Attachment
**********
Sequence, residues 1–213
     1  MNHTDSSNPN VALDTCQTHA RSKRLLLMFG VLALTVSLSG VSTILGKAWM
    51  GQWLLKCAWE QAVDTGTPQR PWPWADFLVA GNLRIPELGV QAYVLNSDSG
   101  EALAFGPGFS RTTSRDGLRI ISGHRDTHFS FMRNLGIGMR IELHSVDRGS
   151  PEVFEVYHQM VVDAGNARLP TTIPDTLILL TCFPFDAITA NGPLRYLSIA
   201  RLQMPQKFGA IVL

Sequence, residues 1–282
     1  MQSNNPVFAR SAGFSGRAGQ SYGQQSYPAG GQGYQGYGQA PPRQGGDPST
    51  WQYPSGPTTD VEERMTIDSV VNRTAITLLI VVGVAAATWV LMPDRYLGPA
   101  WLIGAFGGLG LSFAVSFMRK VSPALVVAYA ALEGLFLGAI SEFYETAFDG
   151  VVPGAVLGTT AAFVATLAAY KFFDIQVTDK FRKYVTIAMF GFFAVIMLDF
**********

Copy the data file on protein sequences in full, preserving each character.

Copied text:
Sequence, residues 1–213
     1  MNHTDSSNPN VALDTCQTHA RSKRLLLMFG VLALTVSLSG VSTILGKAWM
    51  GQWLLKCAWE QAVDTGTPQR PWPWADFLVA GNLRIPELGV QAYVLNSDSG
   101  EALAFGPGFS RTTSRDGLRI ISGHRDTHFS FMRNLGIGMR IELHSVDRGS
   151  PEVFEVYHQM VVDAGNARLP TTIPDTLILL TCFPFDAITA NGPLRYLSIA
   201  RLQMPQKFGA IVL

Sequence, residues 1–282
     1  MQSNNPVFAR SAGFSGRAGQ SYGQQSYPAG GQGYQGYGQA PPRQGGDPST
    51  WQYPSGPTTD VEERMTIDSV VNRTAITLLI VVGVAAATWV LMPDRYLGPA
   101  WLIGAFGGLG LSFAVSFMRK VSPALVVAYA ALEGLFLGAI SEFYETAFDG
   151  VVPGAVLGTT AAFVATLAAY KFFDIQVTDK FRKYVTIAMF GFFAVIMLDF